In its day, Route 66 was a lonely road. There are not too many places close to Los Angeles where you can still experience that same lonely road. However, we know of one place that you can easily get to and feel like you’re the only person on Route 66.
This virtual tour covers the second half of the segment of Route 66 that stretches between Victorville and Barstow. If you missed the first half, make sure to watch it first by clicking here and read about the details. Then you can come back and take this trip.
This virtual road trip starts at the Vista Road intersection with Route 66 near Helendale and Silver Lakes. From here, start the trip by heading north on Route 66. The town of Lenwood, which is inside the city limits of Barstow, is reached in 16 miles. There are no towns between here and Lenwood.
Route 66 Museum
If you haven’t already visited the Route 66 Museum in Victorville, we recommend that you plan on visiting it during this trip to learn more on how Route 66 influenced this area. The museum is well stocked with historic and interesting items related to the Mother Road. See their website for directions and when they are open.
As mentioned in the tour, this segment of the road passes through countryside that hasn’t changed much since National Trails Highway (the predecessor to Route 66) was established in the late 1910s. The same isn’t true for the segment between Victorville and Helendale, where a lot of development occurred in the 20th century.
When driving the road covered in this tour, try to imagine yourself driving a persnickety Model T in the early 1920s. It was quite an adventure. Unlike today’s vehicles, automobiles back then were very sensitive to the environment. Naturally, being in the desert, increased the challenge of operating an old automobile in the harsh desert heat.
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Virtual Tour on YouTube
Burden’s Store & Post Office
About one mile from Vista Road, an old building will be seen on the right. This marks the original spot of “downtown” Helendale, which has since moved to Vista Road. This was Burden’s, which was a store, garage and post office. The small community of Helendale grew up around it.
There is a large cluster of tamarisk trees across the road from Burden’s. The school used to be situated here, with the train station behind it. The house for the school marm was located up on the hill and just to the north of Burden’s, on the same side of the road. Unfortunately, it was torn down around 2008.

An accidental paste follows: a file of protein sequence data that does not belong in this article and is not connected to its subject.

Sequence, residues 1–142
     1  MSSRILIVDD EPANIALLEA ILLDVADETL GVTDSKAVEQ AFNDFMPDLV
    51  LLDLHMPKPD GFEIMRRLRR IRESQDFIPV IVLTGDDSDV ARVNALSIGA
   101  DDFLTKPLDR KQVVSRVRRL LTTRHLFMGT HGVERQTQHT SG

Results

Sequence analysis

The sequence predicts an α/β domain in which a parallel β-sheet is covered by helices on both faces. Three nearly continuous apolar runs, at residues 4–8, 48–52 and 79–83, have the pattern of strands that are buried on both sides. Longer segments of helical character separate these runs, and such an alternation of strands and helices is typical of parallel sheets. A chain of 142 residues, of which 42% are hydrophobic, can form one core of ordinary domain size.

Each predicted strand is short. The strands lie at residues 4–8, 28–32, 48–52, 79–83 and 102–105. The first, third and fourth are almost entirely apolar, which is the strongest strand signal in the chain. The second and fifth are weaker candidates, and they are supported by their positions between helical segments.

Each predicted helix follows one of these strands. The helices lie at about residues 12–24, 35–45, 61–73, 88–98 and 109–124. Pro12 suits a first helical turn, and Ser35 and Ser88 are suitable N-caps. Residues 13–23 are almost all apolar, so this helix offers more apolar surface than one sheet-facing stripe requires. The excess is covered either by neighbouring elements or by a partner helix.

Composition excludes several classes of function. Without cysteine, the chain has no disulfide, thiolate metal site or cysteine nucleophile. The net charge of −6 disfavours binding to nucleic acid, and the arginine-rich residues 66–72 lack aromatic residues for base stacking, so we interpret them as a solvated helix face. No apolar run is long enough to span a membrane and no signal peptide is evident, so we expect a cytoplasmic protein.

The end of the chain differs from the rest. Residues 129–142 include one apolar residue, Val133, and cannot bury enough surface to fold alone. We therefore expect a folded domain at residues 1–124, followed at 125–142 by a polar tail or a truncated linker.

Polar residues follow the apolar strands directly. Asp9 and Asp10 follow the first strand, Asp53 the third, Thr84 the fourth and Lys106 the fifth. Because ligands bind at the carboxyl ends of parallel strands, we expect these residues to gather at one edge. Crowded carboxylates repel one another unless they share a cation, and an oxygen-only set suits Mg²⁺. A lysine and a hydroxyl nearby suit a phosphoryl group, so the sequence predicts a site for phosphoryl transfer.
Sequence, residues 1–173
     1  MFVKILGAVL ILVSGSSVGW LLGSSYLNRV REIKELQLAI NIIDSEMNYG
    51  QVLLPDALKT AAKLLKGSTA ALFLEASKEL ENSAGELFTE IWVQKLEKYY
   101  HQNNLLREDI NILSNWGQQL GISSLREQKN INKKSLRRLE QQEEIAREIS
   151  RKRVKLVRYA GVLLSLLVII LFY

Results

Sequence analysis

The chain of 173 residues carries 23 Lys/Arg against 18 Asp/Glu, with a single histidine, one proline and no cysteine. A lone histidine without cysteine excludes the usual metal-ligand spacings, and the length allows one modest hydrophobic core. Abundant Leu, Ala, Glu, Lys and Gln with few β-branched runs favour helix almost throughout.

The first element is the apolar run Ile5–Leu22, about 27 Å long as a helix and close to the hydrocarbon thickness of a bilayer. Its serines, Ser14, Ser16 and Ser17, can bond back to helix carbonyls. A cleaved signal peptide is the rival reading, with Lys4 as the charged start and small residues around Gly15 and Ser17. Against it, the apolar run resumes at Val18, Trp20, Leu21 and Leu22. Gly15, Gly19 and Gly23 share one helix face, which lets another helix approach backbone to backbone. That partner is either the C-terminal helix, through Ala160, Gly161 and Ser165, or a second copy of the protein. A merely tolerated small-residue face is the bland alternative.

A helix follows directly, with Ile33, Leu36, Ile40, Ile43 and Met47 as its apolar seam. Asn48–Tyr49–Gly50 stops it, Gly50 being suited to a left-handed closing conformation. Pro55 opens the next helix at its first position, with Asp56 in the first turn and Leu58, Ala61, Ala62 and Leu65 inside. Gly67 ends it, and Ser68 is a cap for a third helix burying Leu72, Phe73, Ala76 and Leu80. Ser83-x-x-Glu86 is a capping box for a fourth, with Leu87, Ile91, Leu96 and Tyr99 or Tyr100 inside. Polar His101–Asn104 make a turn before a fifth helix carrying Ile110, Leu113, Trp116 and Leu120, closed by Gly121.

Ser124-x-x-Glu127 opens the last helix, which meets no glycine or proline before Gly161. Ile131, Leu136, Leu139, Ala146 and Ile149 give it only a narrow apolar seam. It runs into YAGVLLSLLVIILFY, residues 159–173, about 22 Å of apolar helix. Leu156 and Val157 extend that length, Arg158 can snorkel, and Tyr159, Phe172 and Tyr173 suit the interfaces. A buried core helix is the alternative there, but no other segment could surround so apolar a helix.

After about 6.5 miles, you will pass by a sign marking the location of Hodge. There is really no town here, but you will see an increase in buildings.
Before National Trails Highway was established, a popular wagon road followed the Mojave River. Some pioneers used the increased water available here to establish farms. If you venture off onto some of the side roads, you will discover the remnants of old farming activity, as well as some modern farms.
Hinkley Road Turnoff
Just over 11 miles, you will see the turnoff for Hinkley Road on the left. At the northwest corner is the remaining foundations of an old gas station. Several other gas stations existed along this segment of Route 66 and, like all the other ones, went out of business after I-15 was built.
Speaking of old wagon roads, if you turn left at Hinkley Road and drive a half mile and go over the railroad crossing, there is a small historical marker that commemorates all of the wagon and pioneer roads that passed along here, mainly following the lifeline (because of water) known as the Mojave River. Last on the list is National Trails Highway (aka National Old Trails), which was renamed Route 66 in 1927.
The town of Hinkley is located 5 miles north of here. Hinkley received a lot of fame from the movie Erin Brokovich. The site of the PG&E processing plant that was the culprit of poisoning the groundwater supply is actually east of Hinkley. If you would like to see this area, continue on to Lenwood and turn left on Lenwood Road (a traffic light). Cross the Mojave River and then turn left on Community Blvd. You will see the PG&E office on the left in 2.5 miles with the large plant behind it. All around this area, you will see strange devices scattered around the countryside. These are instruments that are constantly monitoring the ground.
Towards the end of this segment of Route 66, you will enter the town of Lenwood. Before reaching the traffic light (the first one encountered since Victorville), there is some interesting ruins on the right. An old hotel called the Do-Drop Inn is behind a fence. There used to be some interesting signs on the property, but they have been removed.
Behind the hotel and to the southwest (just before reaching the hotel on the road), there used to stand a classic landmark, the Bar-Len Drive-In. The name obviously came from Barstow-Lenwood. Drive-in theaters used to be a common sight when traveling along Route 66 in the 1950s and 60s. Not very many exist anymore – anywhere. However, one still exists and still operates north of Barstow near the junctions of I-15 and Old Highway 58.
If you drive into the dirt lot just south of the Do-Drop Inn, you can still see some ruins and the dirt mounds that cars parked on to watch the big screen. Above is a picture from Google Earth that shows the footprint of the drive-in with the rows fanning out from the big screen which was located in the southwest corner of the lot.
Continue going north on Route 66 to see downtown Lenwood, which is a classic small town. You can also turn right onto Lenwood Road to reach civilization, as the popular Lenwood Outlet Malls are located at the road’s intersection with I-15, where there are many eateries and gas stations.
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